8. I agree that if Alamy bend their own rules, while a few month's grace period might arguably be reasonable, after 10 month Alamy should absorb the loss , not us. Most magazines that commission an article and/or photos pay a "kill fee" of 50% (sometimes more) of the agreed-upon price if it does not go to press. We should be able to rely on the terms of the contract, as written. If Alamy want to waive those terms and refund a sale which has already cleared and been paid to the photographer, giving clients an unlimited grace period, then there should be a "kill fee" equal to at least our portion of the contract price, letting Alamy refund only their share to the client and letting us keep our portion of the fee. If they want to give the client back more than their share of the fee after the time for a refund has expired, then they should absorb that loss. If we want to license images through Alamy, we must unilaterally agree to their contract terms. When they seek to take back funds rightfully paid to us under the written contract with the buyer because they have chosen to waive the terms of the contract, then they are not living up to their side of the bargain. The red arrows hurt the person trying to simply explain Alamy's rationale. If you disagree with the rationale, then say so, but don't shoot the messenger.
  9. Boy riding his bike home after a parade:
  10. Little girl rooting on her dad in the NYC Marathon:
  11. Agree with both of you that price often has very little to do with the quality of the image, and often it does not even reflect the rarity of the image nor its use. Some of my highest value sales were taken with 6 or 12MP cameras, and I've had one of my best 42MP files licensed for advertising for only $50. My experience with European content vs US content, however, is surprisingly lopsided, and not in favor of US sales as one might expect given that I am from New York. European images make up only 6% of my portfolio. My European images, however, account for 12% of my sales (2% of my pix are from the UK but they account for 7% of my total sales). More striking is the fact that half of my licenses were sold to European clients, and 24% of all sales were to the UK. The remaining 50% were licensed in the US. About 75% of my images are US travel and/or nature shots (the rest are studio shots or other non-site-specific concepts), About 65% of my sales are US travel distributed pretty evenly between US and European clients. US sales do seem to have higher average prices. All of my sales >$100 were to US clients. Interestingly, most of those higher priced sales were photos taken in Massachusetts (your home state, Chuck), with the rest from out west, or else they were from my small number of studio shots. In fact, photos from Massachusetts account for 37% of my sales here, although they account for <10% of my portfolio.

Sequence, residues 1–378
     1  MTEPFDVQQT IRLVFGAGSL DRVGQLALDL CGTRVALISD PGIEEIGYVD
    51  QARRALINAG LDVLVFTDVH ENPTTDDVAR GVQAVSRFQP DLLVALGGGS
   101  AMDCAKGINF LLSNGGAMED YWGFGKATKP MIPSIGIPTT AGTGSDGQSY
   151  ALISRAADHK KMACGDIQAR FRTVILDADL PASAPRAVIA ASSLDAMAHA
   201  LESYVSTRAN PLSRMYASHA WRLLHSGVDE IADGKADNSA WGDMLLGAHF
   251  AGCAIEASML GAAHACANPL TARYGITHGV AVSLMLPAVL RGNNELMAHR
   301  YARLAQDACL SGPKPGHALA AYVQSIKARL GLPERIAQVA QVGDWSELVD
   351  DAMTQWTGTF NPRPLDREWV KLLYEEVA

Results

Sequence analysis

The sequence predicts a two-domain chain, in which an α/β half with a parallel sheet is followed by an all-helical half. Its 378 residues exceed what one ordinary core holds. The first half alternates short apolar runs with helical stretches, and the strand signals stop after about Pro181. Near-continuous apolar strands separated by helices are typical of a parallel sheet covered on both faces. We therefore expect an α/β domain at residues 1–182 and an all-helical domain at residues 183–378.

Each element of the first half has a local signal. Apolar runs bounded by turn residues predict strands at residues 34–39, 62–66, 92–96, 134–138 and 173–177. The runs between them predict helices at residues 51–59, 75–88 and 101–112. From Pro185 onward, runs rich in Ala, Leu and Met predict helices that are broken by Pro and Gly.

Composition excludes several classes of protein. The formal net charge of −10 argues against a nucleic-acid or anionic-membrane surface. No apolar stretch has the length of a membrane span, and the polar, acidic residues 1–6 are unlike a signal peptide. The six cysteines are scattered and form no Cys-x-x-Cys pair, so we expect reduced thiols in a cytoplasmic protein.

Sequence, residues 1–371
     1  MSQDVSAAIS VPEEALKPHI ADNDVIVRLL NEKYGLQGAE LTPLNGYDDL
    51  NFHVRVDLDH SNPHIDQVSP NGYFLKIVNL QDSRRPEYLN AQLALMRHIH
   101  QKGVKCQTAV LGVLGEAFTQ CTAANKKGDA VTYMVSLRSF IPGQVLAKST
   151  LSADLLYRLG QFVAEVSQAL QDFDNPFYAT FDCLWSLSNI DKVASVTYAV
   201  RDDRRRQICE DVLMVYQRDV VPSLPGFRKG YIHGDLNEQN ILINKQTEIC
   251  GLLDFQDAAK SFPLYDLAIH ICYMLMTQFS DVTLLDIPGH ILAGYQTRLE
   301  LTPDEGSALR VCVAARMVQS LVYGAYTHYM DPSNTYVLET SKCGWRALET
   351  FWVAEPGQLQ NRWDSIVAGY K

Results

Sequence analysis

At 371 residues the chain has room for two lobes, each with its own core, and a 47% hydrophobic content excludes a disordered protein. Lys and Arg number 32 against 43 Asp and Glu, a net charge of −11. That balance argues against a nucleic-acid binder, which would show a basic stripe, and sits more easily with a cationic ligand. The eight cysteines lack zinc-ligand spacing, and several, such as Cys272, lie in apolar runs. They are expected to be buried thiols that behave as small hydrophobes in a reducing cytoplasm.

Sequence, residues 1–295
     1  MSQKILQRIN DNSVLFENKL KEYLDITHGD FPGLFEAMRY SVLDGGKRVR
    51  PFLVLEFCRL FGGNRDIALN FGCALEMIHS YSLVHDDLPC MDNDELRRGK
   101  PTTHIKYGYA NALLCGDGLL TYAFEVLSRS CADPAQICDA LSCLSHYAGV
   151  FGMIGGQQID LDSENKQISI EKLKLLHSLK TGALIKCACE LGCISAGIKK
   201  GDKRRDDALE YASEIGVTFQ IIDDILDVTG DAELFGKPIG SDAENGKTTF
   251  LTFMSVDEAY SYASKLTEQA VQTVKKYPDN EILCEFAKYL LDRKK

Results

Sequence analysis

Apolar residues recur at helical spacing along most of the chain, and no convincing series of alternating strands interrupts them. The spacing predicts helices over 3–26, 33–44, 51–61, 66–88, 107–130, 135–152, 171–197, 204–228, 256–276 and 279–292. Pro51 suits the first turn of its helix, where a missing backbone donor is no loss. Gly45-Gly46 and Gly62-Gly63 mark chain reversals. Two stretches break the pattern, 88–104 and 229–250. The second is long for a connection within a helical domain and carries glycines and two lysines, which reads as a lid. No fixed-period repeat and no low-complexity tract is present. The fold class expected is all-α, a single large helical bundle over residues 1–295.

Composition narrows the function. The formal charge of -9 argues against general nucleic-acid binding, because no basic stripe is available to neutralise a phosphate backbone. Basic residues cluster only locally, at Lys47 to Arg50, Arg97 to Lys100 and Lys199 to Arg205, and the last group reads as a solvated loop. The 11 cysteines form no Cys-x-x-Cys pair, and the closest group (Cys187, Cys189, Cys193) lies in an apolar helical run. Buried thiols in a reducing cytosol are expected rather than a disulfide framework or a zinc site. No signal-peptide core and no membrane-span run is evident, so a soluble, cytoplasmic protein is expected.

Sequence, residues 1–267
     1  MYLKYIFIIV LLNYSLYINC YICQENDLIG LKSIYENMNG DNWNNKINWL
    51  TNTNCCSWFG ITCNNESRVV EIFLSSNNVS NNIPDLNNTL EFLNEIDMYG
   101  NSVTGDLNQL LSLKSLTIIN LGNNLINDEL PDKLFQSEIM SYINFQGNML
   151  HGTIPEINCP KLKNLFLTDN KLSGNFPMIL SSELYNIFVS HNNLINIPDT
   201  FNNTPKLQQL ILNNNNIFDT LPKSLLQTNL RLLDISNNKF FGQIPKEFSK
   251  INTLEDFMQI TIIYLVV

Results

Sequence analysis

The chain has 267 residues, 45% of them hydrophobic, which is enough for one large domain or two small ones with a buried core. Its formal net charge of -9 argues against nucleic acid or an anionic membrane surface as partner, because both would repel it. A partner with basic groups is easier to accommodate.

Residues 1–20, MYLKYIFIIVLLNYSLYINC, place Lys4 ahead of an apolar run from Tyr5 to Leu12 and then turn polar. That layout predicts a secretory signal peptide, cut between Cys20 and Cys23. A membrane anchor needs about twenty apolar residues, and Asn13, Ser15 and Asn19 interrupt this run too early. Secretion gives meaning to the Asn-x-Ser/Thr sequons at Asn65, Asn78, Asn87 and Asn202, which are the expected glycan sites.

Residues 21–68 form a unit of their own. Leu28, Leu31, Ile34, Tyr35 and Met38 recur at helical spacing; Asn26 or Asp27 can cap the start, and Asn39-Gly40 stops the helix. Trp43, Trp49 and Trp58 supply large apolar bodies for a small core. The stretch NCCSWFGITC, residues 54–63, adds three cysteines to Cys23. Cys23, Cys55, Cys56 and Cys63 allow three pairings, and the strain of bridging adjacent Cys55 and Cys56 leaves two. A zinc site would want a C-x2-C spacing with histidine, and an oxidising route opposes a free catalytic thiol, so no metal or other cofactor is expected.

12. My microstock portfolios are about 25-30% the size of my portfolio on Alamy and they nearly always beat what I make here - nevertheless, I upload much more here knowing that I can earn more on one sale, yet my best earner was a microstock license (one year exclusive) for $750 ($325 to me), ironically an image rejected everywhere else, hence left exclusive at the one site that took it, and which has gone on to earn me hundreds more - and I've had others for $80 or so - two different micro sites - so it's not all peanuts, but those 38 cent micro subscriptions do hurt, even if they can add up to a tidy sum. My best license here was $450, back when I got 50% so $225 to me, but I've had many more $$$ licenses here than I've ever had on the micros. And I like being able to license some files as RM. I just don't understand how Alamy manages to license our work for $$$ while at the same time licensing images - sometimes the exact same ones - for such a pittance. That's the real head scratcher. My first $250 license many years ago was from the same shoot as one licensed a week later by Alamy for under $1.00 back when NU started (this was a studio concept image, so the shots were fairly similar) . I have a few that have gone for $250 or thereabouts here and then for $6-30 a month or so later. And RM shots where it was in a book twice so I got $$$ for a cover or full page and then low $$ for inside, but then the book came out a few years later in a new edition and when I asked Alamy about it they said notwithstanding the "single use" in the license I saw, that the client could use it in subsequent editions (4 at last count), so that's discouraging, but it's no different elsewhere with G licensing images for pennies. I have one is a book that S sold earning me a $26 "extended license" it's at 9 subsequent editions, so Alamy's (pseudo)RM license has still earned me more. It's a conundrum, deciding how to make the most with your work and also feeling like you're not being ripped off. I like that $$$ licenses are possible and while I don't see them monthly, I see them often enough that when I get close to despairing that I won't see another, one pops up.